Sephora Closes US Stores For Inclusion Workshop

Beauty company Sephora will shut the doors to all of its stores, distribution centers, and its US corporate office on June 5 to host inclusion workshops for its employees. The company announced the decision in May, a month after singer SZA said she was racially profiled at a California store.

Sephora announced the inclusion workshops in a statement posted on its Facebook page on May 23. The notice was accompanied by a video promoting the company’s “We Belong to Something Beautiful” campaign. “Sephora believes in championing all beauty, living with courage, and standing fearlessly together to celebrate our differences,” the video said. “We will never stop building a community where diversity is expected, self-expression is honored, all are welcomed, and you are included.”

In a statement to The North Star, Sephora said that it has been working on its “We Belong to Something Beautiful” campaign for a year and that the plan to close US locations for a one-hour inclusivity workshop had been in the works for more than six months. The workshop will include all 16,000 employees working for Sephora. There are more than 460 Sephora stores across the Americas, according to the company’s website. “This store closure is part of a long journey in our aspiration to create a more inclusive beauty community and workplace, which has included forming employee resource groups, building social impact and philanthropic programs, and hosting inclusive mindset training for all supervisors,” Sephora said in its statement. The company clarified that its campaign to hold inclusion workshops did not stem from SZA’s experience.

“However, it does reinforce why belonging is now more important than ever. Our entire organization is excited to set aside this time to re-commit to building an environment of inclusion,” the statement said. “We’ll be discussing what it means to belong, across many different lenses that include, but are not limited to, gender identity, race and ethnicity, age, abilities, and more.”

SZA tweeted about being racially profiled at a Southern California Sephora on April 30. “Lmao Sandy Sephora location 614 Calabasas called security to make sure I wasn’t stealing. We had a long talk. U have a blessed day Sandy,” the singer tweeted.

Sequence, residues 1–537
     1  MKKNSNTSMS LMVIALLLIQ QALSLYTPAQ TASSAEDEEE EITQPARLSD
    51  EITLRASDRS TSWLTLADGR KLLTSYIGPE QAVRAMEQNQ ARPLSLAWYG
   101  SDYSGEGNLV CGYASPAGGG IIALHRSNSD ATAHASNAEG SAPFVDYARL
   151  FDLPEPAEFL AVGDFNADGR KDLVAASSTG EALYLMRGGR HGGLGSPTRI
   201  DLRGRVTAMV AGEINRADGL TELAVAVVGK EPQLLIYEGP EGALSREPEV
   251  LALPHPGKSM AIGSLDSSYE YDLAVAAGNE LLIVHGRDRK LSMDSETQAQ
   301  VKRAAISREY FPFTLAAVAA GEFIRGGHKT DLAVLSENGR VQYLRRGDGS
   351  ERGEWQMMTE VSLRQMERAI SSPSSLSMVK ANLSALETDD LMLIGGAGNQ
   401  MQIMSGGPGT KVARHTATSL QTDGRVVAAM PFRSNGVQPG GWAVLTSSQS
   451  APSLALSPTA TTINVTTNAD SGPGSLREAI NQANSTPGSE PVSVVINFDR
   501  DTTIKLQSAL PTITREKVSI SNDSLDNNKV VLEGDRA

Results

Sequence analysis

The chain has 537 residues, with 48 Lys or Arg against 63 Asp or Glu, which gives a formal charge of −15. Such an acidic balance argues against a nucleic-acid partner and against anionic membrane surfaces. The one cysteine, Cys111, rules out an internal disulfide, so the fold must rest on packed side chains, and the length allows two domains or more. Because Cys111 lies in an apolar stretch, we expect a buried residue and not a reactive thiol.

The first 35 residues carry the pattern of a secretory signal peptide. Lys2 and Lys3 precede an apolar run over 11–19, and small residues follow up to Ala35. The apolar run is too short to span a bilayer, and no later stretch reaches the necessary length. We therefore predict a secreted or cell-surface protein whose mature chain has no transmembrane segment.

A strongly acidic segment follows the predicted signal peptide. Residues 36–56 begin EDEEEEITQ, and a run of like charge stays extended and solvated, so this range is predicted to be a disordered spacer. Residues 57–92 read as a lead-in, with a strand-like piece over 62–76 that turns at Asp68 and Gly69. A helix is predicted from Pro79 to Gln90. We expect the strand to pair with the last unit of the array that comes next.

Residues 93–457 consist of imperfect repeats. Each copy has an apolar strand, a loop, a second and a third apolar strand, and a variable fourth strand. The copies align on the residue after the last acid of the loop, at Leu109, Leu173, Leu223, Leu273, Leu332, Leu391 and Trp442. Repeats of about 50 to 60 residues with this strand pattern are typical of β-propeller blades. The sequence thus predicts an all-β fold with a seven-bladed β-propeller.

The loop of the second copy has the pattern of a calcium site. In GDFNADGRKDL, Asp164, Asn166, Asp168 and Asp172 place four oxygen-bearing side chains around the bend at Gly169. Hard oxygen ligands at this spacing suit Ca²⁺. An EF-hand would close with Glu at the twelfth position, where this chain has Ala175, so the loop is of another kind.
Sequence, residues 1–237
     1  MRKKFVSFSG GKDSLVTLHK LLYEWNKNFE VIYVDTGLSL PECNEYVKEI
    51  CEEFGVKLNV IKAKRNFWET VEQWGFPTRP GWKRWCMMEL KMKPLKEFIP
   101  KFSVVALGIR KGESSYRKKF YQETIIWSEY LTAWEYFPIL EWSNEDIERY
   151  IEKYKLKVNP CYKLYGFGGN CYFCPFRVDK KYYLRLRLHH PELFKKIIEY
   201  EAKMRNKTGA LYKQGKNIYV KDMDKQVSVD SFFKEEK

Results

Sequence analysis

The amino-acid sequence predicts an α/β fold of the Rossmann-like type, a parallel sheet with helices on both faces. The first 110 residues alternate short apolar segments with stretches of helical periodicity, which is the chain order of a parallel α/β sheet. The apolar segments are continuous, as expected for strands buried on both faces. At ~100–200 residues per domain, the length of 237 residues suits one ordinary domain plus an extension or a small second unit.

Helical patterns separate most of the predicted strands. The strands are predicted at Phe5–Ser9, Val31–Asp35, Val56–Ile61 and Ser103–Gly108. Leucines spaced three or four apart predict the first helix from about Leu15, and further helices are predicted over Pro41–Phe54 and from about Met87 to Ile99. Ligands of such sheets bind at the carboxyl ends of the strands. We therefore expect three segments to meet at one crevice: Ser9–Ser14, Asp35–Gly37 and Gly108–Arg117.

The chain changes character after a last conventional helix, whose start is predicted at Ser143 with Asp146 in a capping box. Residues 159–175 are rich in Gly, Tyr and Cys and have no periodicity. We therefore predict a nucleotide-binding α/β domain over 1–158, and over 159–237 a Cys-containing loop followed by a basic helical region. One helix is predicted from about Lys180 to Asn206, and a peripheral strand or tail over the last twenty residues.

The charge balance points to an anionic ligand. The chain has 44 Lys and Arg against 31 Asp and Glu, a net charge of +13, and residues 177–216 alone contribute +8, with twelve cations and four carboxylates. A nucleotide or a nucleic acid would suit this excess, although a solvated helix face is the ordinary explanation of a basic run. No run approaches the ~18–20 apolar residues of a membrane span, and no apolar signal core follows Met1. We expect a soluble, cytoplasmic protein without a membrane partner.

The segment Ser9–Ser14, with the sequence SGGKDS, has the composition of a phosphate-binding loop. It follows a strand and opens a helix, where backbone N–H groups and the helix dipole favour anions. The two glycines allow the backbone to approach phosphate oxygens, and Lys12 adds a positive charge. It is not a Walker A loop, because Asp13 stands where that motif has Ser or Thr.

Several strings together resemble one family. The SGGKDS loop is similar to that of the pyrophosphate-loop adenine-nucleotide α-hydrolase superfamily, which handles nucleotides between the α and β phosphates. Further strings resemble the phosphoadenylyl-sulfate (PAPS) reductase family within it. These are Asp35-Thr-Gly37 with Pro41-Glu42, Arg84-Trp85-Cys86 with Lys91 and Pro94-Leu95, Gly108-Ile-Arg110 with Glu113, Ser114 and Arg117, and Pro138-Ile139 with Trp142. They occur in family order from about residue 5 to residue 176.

She added, “Can a b— cop her fenty in peace er whut (sic),” referring to Rihanna’s Fenty Beauty makeup line. According to PEOPLE, the tweet caught Rihanna’s attention and prompted her to send SZA a Fenty Beauty gift card and handwritten note. Sephora also apologized to the “Love Galore” singer for the experience. “We want to let you know we take complaints like this very seriously and are actively working with our teams to address the situation immediately,” Sephora tweeted to SZA on May 1. The singer, who once worked at a Sephora store, has not commented on the company’s inclusion workshops.

Retail companies have an unfortunate history of racial profiling at their brick and mortar sites. In 2014, Macy’s agreed to pay $650,000 to settle complaints at its flagship New York City store, NPR reported. Eighteen customers claimed that they were racially profiled and accused of stealing or attempting to steal merchandise. Barneys in New York reached a similar deal in August 2014 that included a $525,000 fine, according to the New York Daily News. The retail company was forced to hire an independent anti-profiling consultant and implement a record-keeping protocol to track profiling and interactions with local law enforcement. The deal was the conclusion of a nine-month investigation prompted by complaints from two Black customers who said they were falsely accused of credit card fraud.

In 2017, four former Macy’s employees sued the company for allegedly racially profiling against Asian customers, Huff Post reported. Sales associates in the flagship store were asked to “look out for” or “not sell to” Asian shoppers. The suit claimed that the directive was based on the belief that foreign customers would buy products to resell in Asia. Macy’s denied the allegations.


About the Author

Nicole Rojas is a breaking news writer for The North Star. She has published in various venues, including Newsweek, GlobalPost, IHS Jane’s Defence Weekly, and the Long Island Post. Nicole graduated from Boston University in 2012 with a degree in print journalism. She is an avid world traveler who recently explored Asia and Australia.